Nov 022008
 

- Add a new team into the Mats Sundin sweepstakes: the Ducks. That’s right, the perpetually financially strained team is reportedly making a pitch to Sundin, and with the Ducks so close to the cap they’re going to have to shed salary (again). This time, the casualty may be Chris Kunitz, the former Ducks alternate captain who hasn’t quite lived up to his $3.5m price-tag since signing it. No doubt that the Ducks would prefer to trade Kunitz to an Eastern Conference team, but Brian Burke continues to put himself in situations in which he has absolutely no leverage – Mathieu Schneider was dealt for close to nothing, Ken Klee and Ilya Bryzgalov were lost through waivers, but the Ducks continue to spend, most recently Bret Hedican. I think Sundin is a long shot to land on the Ducks, because the Ducks’ offer won’t come close to the Canucks’ offer in terms of money and length. However, should the Ducks find themselves atop the Pacific come Christmas time (unlikely considering the way the Sharks are playing), it is a very attractive option.

– After Brendan Shanahan gave up hopes in returning to the Rangers, especially after their hot start, he’s starting to look at other options, and those teams include Philadelphia, New Jersey, Washington, Montreal, and Boston, all of them east teams, but all of them close to the cap. Colorado has also figured into the mix, and I think that’s where we may see Shanahan end up. The Avs have always been an enticing franchise for veteran free agents to play for, and although that may not be the case these days, don’t forget that the Avs still have Joe Sakic, who still has a considerable amount of pull, and the two played together at Salt Lake.

– The Jackets have tried everything, including moving Rick Nash to centre during practise, but it still hasn’t ignited a potentially high-octane offense. Since the first days of the franchise the team has always lacked a playmaking centre for Nash to play with, even though RJ Umberger (I predicted he would be a bust alongside Nash) and Kristian Huselius were signed, it still didn’t work. Derick Brassard is playing well, but he’s not quite ready for number one centre duties yet. This has prompted the Jackets to revive their search for a number one centre… and I don’t think it’s going to happen this year.

Nikolai Khabibulin is making a strong case for himself to stay, and the Hawks must be giddy about his rising stock. The Hawks seem to be fairing well with both Khabibulin and Cristobal Huet, which means that another $6m on the Hawks’ roster, Martin Havlat, could be out the door instead. The injury-prone winger will be an UFA this summer, which makes him an attractive trade bait, especially if (a big one at that) he manages to stay healthy at least until the trade deadline.

Mathieu Garon is also playing fairly well, despite the Oilers’ recent cold streak. There haven’t been any public grumblings from Dwayne Roloson, but it’s common knowledge that the 39-year old veteran doesn’t like playing second fiddle. There have been, unsurprisingly, no takers so far, and it’ll be a long season for Roloson from the bench. The Oilers are eager to get Roloson’s $3.667m cap hit off their books, paving the way for Jeff Deslauriers to handle backup duties full-time.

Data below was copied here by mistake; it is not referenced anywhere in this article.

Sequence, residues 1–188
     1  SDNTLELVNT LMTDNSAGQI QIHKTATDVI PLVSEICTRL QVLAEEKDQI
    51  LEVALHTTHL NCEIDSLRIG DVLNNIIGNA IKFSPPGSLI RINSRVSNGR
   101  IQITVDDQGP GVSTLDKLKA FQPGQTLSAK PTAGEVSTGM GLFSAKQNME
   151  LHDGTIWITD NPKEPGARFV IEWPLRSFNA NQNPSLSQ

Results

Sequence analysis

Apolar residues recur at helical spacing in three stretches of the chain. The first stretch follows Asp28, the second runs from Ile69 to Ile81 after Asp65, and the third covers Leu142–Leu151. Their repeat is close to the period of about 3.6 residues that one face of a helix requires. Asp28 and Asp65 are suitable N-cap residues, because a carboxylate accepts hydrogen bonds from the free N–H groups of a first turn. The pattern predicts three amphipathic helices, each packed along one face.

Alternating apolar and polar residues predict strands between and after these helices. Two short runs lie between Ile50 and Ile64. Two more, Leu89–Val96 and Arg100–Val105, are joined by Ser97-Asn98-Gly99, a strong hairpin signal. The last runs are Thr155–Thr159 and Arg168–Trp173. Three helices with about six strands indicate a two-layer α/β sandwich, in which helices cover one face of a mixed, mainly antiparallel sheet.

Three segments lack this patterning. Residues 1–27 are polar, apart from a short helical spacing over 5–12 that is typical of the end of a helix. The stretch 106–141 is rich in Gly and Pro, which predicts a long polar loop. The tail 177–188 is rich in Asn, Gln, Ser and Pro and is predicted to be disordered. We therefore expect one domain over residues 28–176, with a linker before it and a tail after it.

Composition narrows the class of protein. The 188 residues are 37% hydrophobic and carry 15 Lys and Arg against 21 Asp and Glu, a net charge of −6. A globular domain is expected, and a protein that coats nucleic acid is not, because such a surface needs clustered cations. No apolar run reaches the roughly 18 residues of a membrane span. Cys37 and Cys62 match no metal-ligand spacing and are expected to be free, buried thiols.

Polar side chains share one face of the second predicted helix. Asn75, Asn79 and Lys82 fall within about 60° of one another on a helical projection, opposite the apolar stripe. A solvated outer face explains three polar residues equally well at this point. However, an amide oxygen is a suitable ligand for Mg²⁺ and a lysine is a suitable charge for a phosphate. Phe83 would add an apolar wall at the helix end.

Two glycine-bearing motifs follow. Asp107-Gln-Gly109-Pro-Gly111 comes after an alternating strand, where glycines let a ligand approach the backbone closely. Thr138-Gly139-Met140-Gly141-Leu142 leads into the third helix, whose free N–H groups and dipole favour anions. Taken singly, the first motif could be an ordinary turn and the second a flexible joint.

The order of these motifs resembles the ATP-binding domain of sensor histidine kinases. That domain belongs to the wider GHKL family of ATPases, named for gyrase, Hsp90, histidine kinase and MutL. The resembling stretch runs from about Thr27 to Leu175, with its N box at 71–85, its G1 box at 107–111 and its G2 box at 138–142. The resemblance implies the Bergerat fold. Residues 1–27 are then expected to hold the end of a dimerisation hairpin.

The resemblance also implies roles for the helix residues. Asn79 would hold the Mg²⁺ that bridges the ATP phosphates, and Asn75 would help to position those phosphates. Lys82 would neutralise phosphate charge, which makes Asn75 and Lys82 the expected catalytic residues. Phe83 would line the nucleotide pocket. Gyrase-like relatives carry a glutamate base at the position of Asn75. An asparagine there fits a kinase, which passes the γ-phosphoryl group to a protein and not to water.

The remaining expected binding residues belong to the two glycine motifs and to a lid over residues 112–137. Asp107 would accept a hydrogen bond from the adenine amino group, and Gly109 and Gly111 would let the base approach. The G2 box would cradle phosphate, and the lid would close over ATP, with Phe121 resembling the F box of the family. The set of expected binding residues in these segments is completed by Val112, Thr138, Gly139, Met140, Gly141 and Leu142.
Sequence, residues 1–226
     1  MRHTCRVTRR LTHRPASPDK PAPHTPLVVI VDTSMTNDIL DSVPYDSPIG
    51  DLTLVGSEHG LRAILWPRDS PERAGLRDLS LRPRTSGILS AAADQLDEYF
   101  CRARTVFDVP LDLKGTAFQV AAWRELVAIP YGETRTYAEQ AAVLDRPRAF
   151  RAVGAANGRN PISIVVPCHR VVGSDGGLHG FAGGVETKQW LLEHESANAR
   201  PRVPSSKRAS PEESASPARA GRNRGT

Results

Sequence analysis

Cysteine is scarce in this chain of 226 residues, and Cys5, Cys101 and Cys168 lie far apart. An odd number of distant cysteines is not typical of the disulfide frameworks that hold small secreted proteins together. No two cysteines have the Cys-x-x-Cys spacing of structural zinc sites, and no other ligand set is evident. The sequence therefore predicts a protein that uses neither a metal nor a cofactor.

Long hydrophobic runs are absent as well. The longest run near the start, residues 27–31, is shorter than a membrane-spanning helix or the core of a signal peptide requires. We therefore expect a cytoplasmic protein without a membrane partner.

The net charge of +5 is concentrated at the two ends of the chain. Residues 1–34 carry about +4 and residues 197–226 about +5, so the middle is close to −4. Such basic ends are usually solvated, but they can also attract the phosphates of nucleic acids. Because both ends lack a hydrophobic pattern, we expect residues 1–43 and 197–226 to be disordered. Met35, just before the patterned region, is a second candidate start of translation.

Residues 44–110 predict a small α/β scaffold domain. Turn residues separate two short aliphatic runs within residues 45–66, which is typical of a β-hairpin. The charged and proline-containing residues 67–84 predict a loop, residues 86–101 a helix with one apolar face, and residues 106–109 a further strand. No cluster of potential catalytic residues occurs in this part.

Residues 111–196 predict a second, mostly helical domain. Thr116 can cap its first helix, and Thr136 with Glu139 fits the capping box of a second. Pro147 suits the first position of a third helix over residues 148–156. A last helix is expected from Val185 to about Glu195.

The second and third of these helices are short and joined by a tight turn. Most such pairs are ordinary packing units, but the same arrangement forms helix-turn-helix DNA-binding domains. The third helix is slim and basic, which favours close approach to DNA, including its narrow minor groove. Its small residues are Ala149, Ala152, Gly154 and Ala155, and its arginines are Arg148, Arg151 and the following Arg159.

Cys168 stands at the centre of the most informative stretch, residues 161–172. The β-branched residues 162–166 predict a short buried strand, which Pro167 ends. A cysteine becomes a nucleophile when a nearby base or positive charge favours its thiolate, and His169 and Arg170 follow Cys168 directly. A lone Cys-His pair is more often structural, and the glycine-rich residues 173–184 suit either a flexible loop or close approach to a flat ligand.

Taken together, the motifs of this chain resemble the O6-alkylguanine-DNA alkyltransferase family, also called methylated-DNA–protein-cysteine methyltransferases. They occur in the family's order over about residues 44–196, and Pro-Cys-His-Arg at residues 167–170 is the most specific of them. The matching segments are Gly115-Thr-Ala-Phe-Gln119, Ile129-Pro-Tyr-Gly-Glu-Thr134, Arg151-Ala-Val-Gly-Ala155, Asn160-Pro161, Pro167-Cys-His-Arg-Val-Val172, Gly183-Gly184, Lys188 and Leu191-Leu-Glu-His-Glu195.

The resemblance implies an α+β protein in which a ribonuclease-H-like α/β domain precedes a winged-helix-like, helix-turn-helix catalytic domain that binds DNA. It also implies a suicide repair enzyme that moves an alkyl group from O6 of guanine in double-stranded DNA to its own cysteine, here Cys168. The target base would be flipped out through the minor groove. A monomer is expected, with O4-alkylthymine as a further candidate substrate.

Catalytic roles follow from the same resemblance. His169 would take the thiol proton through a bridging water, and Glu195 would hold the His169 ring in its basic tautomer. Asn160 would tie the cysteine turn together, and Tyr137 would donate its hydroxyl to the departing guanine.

Rumours courtesy of Bruce Garrioch from the Ottawa Sun.

Oct 222008
 

I could live with Kurt Sauer‘s hit on Andrei Kostitsyn. It’s a fast game and it happens when people are hitting others – the arms come up sometimes to protect themselves and near the boards is always a dangerous area to be. What I don’t get, however, is what Georges Laraque was supposed to accomplish.

There are only a handful of teams out there who dress their tough guys fairly regularly: Montreal with Laraque, Minnesota with Derek Boogaard, Pittsburgh with Eric Godard, Atlanta with Eric Boulton, Anaheim with George Parros (who is on a scoring streak), Buffalo with Andrew Peters, Calgary with Andre Roy, St. Louis with Cam Janssen and now David Koci, and the Coyotes with Todd Fedoruk and Brian McGrattan. It goes without saying that coaches choose to play these players 2-5 minutes a night to ensure the safety of their star players, but it does take two to tango, and what if the opposition refuses to fight and pull a Sauer? Instead of dropping the gloves with Laraque, he choose to do it with a much smaller Tom Kostpoulos, who in the process is made to look absolutely silly. So… what’s the point of dressing Laraque? Sauer refused to dance, and there was nothing the Habs, Sergei Kostitsyn, or Laraque could do about it. Obviously there was some sort of thought in the back of Guy Carbonneau‘s head that told him Sauer would willingly respond to Laraque and keep the “fighter’s code,” but he didn’t.

Of course this brings us back to the “unwritten” code amongst NHLers, in which borderline hits on star players have to be answered, but Sauer was always in the driver’s seat. He made the hit and dictated how the Habs would respond. This also goes back to the Ottawa-Buffalo brawl, in which Lindy Ruff sent out Peters and Patrick Kaleta (EDIT: not Kaleta, but Adam Mair and Paul Gaustad as PeterS points out) on purpose against Jason Spezza and Dany Heatley to avenge Chris Neil‘s borderline hit on Chris Drury. The Sens made the hit, and in the process made the Sabres look like a goon squad with Ruff taking the brunt of it.